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Noted psychiatrist Daniel Stern brings together exciting new research on infants and the insights of psychoanalysis to offer an original theory of how humans create a sense of themselves and others. "This dazzling book represents a truly original, perhaps revolutionary contribution to psychodynamic theory and practice."--Arnold Cooper, The New York Hospital-Cornell Medical Center. Notes, Diagrams/Charts and Index.
|Introduction to the Paperback Edition|
|Pt. I||The Questions and Their Background|
|Ch. 1||Exploring the Infant's Subjective Experience: A Central Role for the Sense of Self||3|
|Ch. 2||Perspectives and Approaches to Infancy||13|
|Pt. II||The Four Senses of Self|
|Ch. 3||The Sense of an Emergent Self||37|
|Ch. 4||The Sense of a Core Self: I. Self versus Other||69|
|Ch. 5||The Sense of a Core Self: II. Self with Other||100|
|Ch. 6||The Sense of a Subjective Self: I. Overview||124|
|Ch. 7||The Sense of a Subjective Self: II. Affect Attunement||138|
|Ch. 8||The Sense of a Verbal Self||162|
|Pt. III||Some Clinical Implications|
|Ch. 9||The "Observed Infant" as Seen with a Clinical Eye||185|
|Ch. 10||Some Implications for the Theories Behind Therapeutic Reconstructions||231|
|Ch. 11||Implications for the Therapeutic Process of Reconstructing a Developmental Past||256|
Posted June 8, 2009
Thirty-four years in "the game;" twenty-two of them with some form of certification or license. I told someone else in the game I was into the developmentalists. She said, "Read this."
There are good books, great books, and life changers. For me, TIWOTI is somewhere between the latter categories. (I'd give it =six= stars if I could.)
Stern not only effectively built a case for a very solid, neo-neo-Freudian nosology of very early life development, he ties it all together with what it needs to be tied up =to=: the clinical implications for those who will deal with the results... of the pre-cognitive core self, of a new way of looking at attachment, of maternal attunement, of purposeful consciousness, of agency, of the formation of the verbal symbolic -- and thus =cognitive= -- self.
His notion of the "observed" -- as opposed to "theoretical" -- infant could only have been devised in the new era of computer-facilitated, empirical research that had dawned in the decade preceding the first edition (1985). He makes no assertions without grounding them in statistics.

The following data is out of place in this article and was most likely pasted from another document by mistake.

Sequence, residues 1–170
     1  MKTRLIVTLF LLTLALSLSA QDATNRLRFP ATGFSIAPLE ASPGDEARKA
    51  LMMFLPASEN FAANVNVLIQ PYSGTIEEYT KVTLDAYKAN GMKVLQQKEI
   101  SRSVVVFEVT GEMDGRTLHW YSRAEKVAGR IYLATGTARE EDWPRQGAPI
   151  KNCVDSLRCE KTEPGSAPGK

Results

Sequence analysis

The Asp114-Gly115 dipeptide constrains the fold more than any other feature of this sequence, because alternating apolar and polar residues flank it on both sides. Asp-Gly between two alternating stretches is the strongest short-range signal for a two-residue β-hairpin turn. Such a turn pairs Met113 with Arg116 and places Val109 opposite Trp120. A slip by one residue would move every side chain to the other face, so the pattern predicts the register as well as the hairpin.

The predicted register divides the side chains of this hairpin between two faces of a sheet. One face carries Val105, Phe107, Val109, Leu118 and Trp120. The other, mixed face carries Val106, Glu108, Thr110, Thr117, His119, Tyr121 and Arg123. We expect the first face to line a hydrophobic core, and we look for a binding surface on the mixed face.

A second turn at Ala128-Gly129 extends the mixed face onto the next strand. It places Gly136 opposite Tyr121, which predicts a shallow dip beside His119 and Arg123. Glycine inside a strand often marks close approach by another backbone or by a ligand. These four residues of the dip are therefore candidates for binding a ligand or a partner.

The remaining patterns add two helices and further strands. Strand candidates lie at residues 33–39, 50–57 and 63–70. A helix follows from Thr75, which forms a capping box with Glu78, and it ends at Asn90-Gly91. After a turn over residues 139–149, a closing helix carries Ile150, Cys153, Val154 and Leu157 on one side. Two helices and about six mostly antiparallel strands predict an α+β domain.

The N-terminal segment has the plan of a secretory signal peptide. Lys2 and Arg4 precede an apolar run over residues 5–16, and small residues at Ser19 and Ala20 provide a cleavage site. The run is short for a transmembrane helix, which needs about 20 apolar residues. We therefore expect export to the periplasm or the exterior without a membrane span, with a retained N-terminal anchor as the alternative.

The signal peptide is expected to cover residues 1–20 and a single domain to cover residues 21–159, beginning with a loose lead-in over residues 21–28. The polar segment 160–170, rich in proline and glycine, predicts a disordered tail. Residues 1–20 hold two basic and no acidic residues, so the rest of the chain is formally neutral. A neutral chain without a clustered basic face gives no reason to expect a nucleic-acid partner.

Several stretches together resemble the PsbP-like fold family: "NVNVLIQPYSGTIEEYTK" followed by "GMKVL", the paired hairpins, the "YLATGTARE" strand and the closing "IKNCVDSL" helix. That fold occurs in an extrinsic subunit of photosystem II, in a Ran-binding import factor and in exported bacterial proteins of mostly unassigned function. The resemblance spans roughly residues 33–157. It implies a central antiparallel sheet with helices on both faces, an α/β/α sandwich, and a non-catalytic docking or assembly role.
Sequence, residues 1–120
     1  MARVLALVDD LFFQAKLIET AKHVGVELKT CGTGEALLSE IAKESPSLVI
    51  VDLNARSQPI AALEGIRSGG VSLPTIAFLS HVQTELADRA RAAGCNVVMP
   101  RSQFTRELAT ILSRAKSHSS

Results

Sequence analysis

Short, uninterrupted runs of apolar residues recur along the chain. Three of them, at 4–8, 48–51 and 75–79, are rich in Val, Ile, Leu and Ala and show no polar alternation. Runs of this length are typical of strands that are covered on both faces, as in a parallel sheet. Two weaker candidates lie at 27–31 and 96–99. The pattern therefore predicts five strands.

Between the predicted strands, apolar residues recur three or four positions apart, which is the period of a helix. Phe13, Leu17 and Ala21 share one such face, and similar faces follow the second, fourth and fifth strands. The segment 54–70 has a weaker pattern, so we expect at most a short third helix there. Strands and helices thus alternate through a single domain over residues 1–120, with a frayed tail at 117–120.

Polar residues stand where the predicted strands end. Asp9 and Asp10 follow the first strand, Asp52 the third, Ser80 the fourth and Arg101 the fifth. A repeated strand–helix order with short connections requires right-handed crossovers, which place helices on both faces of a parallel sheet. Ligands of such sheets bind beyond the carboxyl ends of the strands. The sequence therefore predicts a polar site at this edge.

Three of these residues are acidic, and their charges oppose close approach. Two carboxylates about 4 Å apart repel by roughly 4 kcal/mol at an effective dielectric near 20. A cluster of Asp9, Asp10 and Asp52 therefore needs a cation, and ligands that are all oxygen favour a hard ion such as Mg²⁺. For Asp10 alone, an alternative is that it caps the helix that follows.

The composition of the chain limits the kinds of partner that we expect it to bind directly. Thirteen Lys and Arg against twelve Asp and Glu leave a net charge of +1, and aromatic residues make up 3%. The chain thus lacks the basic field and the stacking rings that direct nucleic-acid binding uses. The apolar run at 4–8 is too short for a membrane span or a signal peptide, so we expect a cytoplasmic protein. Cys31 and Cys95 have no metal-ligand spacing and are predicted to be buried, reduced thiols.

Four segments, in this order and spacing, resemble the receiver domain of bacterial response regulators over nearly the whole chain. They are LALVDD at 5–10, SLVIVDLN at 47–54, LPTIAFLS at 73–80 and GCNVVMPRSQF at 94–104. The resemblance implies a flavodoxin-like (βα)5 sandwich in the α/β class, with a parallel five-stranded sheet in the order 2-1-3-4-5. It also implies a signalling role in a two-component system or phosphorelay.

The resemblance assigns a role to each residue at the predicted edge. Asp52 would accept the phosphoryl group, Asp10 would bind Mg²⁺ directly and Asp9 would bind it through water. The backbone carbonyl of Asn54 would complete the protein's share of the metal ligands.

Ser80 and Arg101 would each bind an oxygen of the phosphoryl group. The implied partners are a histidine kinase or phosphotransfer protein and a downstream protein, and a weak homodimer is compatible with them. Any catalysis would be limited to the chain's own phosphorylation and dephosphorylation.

For those of us who thought we had it all "down" with the great Erik Erikson, John Bowlby, Mary Ainsworth, Margaret Mahler, Melanie Klein, Don Winnicott and Diana Baumrind, this will come as a real eye-opener. Because Stern can =see= into the developing mind by virtue of a rigorous means of empirical observation.
Many (though by no means all) of the pure Freudian and British Object Relations theories fall like flies before a can of Flit. Here =is= the platform Terry Brazelton, Alan Schore and my cross-town colleague David Seigel had to climb up upon to provide us with all the hugely valuable insights they have added since this book fell in their laps.
Stern argues for parallel and continuous, rather than discrete and staged, ego development. He presents us with a neonate and infant who is "working on himself" at every level that his continuing neurological maturation makes possible for him. No linear phases of "trust here" or "autonomy there" or "initiative over there" (though I continue to =observe= that these processes and acquitions influence each other). He and his associates and contributors see =all= of the supposed Erikson stages in process from the git in =cyclical= and interactive, rather than linear and stair-step fashion.
(Watch a five-month old =after= you've read this. It's all so self-evident, I wonder now how I missed it for so long.)
His notions about the socializing influence of maternal mis-attunement rooted in the mother's own socialized "false self" had such immense ramifications for those of us who deal with borderlines and other dissociatives that I had to put the book down and wander around for a half hour in a daze of inter-hemispheric computation on that =alone=.
"Gradually, with the cooperation between the parent and the child, the false self becomes established as a semantic construction made of linguistic propositions about who one is and what one does and experiences. The true self becomes a conglomerate of disavowed experiences of self which =cannot be linguistically encoded=."
It hardly =gets= any more "essential" than that.